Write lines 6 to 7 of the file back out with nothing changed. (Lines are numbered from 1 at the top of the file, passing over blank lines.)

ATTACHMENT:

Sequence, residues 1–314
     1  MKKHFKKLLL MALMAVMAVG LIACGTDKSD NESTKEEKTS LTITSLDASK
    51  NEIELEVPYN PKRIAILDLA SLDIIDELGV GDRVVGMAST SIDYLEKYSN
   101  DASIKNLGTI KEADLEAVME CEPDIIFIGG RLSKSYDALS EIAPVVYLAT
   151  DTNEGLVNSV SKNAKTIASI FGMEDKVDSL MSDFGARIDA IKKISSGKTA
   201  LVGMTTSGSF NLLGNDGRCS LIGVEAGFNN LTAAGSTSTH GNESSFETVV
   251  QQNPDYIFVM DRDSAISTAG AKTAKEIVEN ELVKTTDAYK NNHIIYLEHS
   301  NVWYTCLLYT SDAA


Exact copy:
   201  LVGMTTSGSF NLLGNDGRCS LIGVEAGFNN LTAAGSTSTH GNESSFETVV
   251  QQNPDYIFVM DRDSAISTAG AKTAKEIVEN ELVKTTDAYK NNHIIYLEHS